Back in 2006, a survey was conducted outside London’s Victoria station offering people the chance to win a £60 basket of Easter chocolate. Surprisingly, over 80 percent of people handed over enough personal information to steal their identity.

It seems that almost 15 years later we’re still lured in by the same promise, only this time it’s a Cadbury hamper you can receive if you forward a WhatsApp message to 10 friends and go through a few steps afterwards.

The message is a variation on a theme that has been around for years - including on Facebook. Cadbury is supposedly celebrating its anniversary by giving away free chocolate. After forwarding the message, which is the mechanism for spreading the scam, you’re asked to do various things before you can claim your ‘free’ hamper.

Again, this should set alarm bells ringing because no legitimate offer would ask you to answer strange survey questions, complete unrelated offers with ‘partners’ and download app from a list.

In this particular case, as reported by The Sun, if you don’t read what you’re clicking on carefully, you can end up agreeing to send premium text messages which could cost you £200 per year. And as this is added to your phone bill, you might not notice a few £1.50 messages each month.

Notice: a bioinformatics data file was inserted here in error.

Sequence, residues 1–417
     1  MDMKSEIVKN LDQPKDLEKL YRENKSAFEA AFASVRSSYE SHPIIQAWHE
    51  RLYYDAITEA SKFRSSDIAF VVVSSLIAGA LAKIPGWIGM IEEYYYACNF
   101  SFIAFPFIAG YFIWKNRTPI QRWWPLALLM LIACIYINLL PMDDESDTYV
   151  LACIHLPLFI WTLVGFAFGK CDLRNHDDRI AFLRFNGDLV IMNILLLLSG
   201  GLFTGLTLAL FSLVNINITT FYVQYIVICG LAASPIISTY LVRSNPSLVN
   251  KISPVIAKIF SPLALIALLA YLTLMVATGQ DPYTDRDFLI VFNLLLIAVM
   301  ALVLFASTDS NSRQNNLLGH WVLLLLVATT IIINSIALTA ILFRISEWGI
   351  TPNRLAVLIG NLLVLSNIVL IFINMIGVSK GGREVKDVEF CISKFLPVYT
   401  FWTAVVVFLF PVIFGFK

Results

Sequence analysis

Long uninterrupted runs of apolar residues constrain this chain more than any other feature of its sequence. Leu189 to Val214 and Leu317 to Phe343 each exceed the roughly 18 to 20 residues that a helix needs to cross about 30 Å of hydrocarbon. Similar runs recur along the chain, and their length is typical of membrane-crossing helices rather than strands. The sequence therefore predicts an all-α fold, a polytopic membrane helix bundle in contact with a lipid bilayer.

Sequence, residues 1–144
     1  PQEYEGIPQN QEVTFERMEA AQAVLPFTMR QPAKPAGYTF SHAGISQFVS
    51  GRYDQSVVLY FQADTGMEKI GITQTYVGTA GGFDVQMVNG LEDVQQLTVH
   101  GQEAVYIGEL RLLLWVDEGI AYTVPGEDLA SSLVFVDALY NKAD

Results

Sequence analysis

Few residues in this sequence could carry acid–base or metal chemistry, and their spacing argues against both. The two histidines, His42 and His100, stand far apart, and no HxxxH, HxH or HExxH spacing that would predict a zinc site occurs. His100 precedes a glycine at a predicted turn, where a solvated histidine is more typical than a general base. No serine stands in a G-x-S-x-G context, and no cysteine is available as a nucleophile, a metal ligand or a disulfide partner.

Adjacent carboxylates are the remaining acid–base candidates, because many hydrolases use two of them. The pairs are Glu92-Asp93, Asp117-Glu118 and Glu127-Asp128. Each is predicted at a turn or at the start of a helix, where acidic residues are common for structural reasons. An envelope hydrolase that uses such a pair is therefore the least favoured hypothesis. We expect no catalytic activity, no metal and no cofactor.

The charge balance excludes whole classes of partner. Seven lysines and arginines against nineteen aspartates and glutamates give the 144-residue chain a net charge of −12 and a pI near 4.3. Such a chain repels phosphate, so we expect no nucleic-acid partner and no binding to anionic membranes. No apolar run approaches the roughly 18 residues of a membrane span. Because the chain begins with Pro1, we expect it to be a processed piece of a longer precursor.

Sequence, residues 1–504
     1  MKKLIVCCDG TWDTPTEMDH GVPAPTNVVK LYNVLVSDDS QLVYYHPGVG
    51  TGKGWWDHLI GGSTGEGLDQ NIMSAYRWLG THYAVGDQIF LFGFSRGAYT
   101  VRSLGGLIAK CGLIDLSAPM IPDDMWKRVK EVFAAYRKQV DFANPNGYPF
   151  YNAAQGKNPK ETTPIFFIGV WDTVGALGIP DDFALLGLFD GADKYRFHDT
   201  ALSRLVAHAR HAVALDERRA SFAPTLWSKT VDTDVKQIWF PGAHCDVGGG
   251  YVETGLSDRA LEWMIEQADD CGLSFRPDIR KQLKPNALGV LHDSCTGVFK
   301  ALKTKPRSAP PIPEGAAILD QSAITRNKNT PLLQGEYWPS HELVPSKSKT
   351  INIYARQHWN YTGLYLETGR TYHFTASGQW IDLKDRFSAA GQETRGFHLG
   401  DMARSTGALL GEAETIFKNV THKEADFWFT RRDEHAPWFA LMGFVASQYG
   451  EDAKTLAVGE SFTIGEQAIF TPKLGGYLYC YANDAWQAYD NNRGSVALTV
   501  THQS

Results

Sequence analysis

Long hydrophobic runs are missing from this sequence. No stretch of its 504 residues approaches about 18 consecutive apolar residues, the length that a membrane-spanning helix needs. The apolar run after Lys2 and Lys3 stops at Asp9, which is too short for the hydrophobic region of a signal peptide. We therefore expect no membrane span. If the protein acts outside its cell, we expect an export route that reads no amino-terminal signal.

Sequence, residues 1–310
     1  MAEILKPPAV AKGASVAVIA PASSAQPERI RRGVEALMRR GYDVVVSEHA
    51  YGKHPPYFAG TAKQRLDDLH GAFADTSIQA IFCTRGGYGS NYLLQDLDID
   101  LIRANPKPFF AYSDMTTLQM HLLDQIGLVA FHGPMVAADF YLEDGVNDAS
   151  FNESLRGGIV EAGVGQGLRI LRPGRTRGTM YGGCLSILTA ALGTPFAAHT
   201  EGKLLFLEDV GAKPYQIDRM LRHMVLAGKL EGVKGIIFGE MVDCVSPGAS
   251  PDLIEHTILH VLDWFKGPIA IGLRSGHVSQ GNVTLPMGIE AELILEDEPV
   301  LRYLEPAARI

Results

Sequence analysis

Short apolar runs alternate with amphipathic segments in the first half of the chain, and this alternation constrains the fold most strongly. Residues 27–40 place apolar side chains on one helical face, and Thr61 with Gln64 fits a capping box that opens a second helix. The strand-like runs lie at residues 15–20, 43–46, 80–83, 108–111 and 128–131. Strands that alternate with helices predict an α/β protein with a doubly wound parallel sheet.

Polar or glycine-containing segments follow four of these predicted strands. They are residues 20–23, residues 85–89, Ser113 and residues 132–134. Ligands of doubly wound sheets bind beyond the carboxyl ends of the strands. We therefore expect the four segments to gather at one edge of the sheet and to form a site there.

Answering survey questions is also a bad idea if you don’t know who is running it. Handing over personal information when entering competitions is always a risk, and used to result in huge amounts of junk mail arriving through your letterbox, but these days cybercriminals use it to steal your identity and your money.

Scams like this play on your fear of missing out by displaying how many of the free items are left in order to make you jump through those hoops more quickly and - hopefully - not read too carefully what you might be signing up for. Similarly, there will often be fake reviews which ‘confirm’ that the offer is genuine.

In most cases, all you need to do to check if an offer is genuine is to head to the company’s website or official social media accounts and see if the promotion exists there or not. Failing that, and if something is being offered by a company you don’t know, either do your research to try and ascertain whether it is legitimate or not, or simply don’t engage with it at all.

A spokesperson for Cadbury said to The Sun, "This is a scam and not associated with Cadbury. Promotions of this kind will always be announced on Cadbury’s official channels. We do not advise fans to take part in the survey, share personal data or share the message within their networks.”

Whether it’s free chocolate or the all-time favourite lure, the iPhone, you should think twice before forwarding messages to your friends on WhatsApp, Facebook and any other social media, as you could cost them big time too.

There are lots of common WhatsApp scams you should be aware of, and it's also important to be able to spot a phishing scam.

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